Another factor, which ties in to this previous one, is that it only takes a slight level of compromise to add up to a huge decrease in performance. When you are running 50 or 100 miles, if you are just 5% less capable and efficient than you were previously this will add up to a significant difference in the end. I think this leads to a perception (as compared to many other sports) that someone is losing their ability much quicker than they really are. Or another way to look at it is that in ultrarunning it will show a lot quicker when someone is beginning to lose a little bit of their previous ability. It’s much harder to mask performance decline than it is in many sports.

A final, and perhaps the most significant factor is that most runners don’t end up sticking exclusively to the types of races that best suit them. There is such a huge difference between various events within the sport of ultrarunning that it’s nearly impossible for someone to be equally effective at a 50k as they are at a 100 miler. We all have our strengths and weaknesses as runners, but because any race longer than a marathon gets mixed together into the sport of ultrarunning you end up with most runners regularly doing races which might take five or 10 times as long as other races they do. This just isn’t something you see in other sports. This would be the equivalent of a 100-meter runner also trying to compete at 800 meters. Not that there is anything wrong with someone trying to race everything from 50k to 100-plus miles, but I think this range can and does lead to quick burnout and/or a decline in performance at all of the distances. Most of the runners you see who have been running at a high level for several years are runners who have found what they are good at, and don’t spend a whole lot of time and energy on other distances or types of races. The reality is though, that almost no one specializes in only one type or distance of race. It’s fun to mix it up and try different things, even though it makes it a lot harder to stay at a top level at any one of these types of races.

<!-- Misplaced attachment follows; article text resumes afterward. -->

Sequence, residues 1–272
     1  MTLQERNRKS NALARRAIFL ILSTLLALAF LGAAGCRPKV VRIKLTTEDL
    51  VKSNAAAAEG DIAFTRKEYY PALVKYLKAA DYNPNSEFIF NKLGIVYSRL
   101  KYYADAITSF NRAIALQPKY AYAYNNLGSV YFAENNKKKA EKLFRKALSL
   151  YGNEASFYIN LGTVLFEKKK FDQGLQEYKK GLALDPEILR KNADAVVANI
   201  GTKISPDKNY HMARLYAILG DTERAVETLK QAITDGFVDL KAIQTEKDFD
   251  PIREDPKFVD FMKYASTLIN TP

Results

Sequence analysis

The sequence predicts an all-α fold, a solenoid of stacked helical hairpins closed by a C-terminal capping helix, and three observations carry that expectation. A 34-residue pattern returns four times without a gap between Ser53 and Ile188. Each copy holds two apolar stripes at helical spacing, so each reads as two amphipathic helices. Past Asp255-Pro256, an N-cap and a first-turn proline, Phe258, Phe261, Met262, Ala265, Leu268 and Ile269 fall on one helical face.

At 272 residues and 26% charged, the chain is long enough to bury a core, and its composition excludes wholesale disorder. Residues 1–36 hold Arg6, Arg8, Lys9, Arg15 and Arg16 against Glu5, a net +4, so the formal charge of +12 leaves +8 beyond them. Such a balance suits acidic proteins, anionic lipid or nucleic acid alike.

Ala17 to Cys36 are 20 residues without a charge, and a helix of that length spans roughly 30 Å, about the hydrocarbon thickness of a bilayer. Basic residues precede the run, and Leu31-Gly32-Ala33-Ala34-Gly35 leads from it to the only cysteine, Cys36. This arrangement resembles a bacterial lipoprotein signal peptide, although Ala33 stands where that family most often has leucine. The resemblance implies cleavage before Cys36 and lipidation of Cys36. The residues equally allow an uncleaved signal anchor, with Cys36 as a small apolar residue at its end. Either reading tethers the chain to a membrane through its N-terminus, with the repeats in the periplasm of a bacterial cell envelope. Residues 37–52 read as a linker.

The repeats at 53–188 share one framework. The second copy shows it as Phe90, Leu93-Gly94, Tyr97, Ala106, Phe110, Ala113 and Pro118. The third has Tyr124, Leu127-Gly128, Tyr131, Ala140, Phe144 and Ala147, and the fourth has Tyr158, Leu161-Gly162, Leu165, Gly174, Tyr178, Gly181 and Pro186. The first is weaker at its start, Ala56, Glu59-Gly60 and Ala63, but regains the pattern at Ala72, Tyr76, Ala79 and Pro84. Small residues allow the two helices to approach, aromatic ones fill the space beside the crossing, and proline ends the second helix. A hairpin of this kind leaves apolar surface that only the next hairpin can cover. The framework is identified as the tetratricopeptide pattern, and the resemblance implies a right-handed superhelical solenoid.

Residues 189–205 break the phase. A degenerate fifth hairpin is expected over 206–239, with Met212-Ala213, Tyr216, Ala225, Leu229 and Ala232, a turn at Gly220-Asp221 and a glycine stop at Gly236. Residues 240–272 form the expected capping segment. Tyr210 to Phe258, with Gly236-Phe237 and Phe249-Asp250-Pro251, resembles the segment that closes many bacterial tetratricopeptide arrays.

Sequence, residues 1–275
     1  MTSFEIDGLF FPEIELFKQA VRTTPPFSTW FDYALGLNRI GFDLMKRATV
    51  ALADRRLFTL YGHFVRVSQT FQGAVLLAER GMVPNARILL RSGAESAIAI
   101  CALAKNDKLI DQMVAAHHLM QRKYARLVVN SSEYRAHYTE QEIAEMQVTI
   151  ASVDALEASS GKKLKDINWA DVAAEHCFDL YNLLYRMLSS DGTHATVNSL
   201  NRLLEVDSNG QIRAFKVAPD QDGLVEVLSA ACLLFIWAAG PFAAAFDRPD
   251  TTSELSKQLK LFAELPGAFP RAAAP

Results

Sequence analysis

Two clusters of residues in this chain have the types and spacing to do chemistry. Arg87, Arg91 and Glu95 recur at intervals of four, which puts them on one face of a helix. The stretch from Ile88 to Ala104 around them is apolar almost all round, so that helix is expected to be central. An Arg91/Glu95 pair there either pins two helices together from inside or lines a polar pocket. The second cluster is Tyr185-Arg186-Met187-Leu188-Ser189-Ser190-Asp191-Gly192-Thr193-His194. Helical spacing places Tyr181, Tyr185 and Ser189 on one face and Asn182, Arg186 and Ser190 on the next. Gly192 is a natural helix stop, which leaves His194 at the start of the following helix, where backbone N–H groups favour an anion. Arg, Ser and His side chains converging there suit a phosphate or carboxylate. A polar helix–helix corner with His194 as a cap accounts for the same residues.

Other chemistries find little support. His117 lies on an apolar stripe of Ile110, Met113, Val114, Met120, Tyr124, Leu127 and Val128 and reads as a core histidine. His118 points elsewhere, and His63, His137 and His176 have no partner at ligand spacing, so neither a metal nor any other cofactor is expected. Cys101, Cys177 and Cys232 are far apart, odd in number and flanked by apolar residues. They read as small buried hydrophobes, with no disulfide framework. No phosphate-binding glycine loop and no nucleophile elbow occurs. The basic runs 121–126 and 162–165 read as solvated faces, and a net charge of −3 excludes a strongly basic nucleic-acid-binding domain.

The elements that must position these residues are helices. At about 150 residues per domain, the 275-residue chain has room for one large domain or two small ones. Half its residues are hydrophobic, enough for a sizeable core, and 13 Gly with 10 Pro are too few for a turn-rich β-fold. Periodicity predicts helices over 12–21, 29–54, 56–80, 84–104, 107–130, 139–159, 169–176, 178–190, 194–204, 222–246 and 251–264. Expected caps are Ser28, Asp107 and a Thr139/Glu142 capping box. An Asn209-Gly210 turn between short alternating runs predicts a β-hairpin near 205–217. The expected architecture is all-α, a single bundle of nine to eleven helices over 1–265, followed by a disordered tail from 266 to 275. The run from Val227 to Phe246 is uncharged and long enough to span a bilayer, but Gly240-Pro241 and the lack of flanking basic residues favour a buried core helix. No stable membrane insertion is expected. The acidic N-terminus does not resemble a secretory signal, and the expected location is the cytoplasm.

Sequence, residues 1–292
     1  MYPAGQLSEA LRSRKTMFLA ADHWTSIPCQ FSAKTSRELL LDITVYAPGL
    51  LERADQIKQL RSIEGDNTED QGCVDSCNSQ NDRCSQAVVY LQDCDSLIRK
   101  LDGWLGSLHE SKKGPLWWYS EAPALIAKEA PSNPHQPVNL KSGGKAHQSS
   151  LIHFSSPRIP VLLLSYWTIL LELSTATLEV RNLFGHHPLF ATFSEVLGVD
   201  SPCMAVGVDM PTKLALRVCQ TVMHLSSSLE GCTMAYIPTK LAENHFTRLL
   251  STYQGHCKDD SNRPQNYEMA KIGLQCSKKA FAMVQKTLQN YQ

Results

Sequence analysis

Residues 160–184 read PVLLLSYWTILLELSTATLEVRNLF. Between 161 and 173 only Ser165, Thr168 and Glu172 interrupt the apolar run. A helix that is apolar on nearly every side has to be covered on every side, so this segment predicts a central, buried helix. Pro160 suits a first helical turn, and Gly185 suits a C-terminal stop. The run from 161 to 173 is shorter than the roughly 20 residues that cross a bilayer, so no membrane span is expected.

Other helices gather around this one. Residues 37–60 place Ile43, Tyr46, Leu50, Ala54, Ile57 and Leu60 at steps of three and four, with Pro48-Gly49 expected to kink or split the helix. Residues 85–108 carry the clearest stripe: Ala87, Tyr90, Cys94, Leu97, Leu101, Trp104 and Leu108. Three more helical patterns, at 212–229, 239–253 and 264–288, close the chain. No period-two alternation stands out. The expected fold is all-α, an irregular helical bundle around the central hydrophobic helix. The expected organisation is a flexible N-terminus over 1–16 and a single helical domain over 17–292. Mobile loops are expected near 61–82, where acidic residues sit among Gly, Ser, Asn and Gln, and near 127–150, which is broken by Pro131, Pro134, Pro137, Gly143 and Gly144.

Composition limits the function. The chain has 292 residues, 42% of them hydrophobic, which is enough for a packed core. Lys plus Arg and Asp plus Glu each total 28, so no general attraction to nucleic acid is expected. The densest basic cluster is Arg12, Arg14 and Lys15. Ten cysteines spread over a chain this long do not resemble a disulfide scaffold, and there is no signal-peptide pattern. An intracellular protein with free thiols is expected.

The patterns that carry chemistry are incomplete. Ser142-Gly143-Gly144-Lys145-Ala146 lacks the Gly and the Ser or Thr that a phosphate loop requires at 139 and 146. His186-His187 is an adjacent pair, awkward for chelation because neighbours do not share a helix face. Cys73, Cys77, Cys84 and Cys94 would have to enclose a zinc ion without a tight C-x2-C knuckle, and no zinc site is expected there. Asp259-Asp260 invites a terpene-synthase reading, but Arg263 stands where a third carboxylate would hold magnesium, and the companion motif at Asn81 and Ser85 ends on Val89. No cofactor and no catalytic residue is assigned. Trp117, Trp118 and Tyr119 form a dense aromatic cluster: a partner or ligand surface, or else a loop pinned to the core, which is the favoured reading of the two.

I will close by saying that I don’t think any of this is a bad thing. I think we too often create a narrative that there is a problem with the reality that most top-level ultrarunners have a few years at their peak before they begin to fade, sometimes dramatically. Certainly it is impressive when people are able to stay at a high level for several years, but in my mind it’s no less impressive when someone puts everything they have into the sport and is able to work their way to the top level, even if they are only able to stay there for a couple years. Ultarunning is a hugely demanding and exhausting sport and we should celebrate anyone who is able to reach their full potential. The vast majority are only able to stay at this potential for a short period of time, and I don’t think this is something we should frown upon, or something that is going to change anytime soon.

Call for Comments (from Meghan)

  • What do you think of Geoff’s theories on peak performance in ultrarunning and the relative brevity of it as compared to other sports? Do you agree or disagree, and why?
  • Have you seen this in yourself? That reaching your personal ultrarunning peak is a difficult thing to achieve and and even more difficult thing to maintain for any significant period of time?
Geoff Roes
Geoff Roes has set numerous ultramarathon course records including the Western States and Wasatch 100 milers. Salomon, Clif, Drymax, Ryders Eyewear, and Atlas Snowshoes all support Geoff's running. You can read more about his running on his blog Fumbling Towards Endurance and join him at his Alaska Mountain Ultrarunning Camps.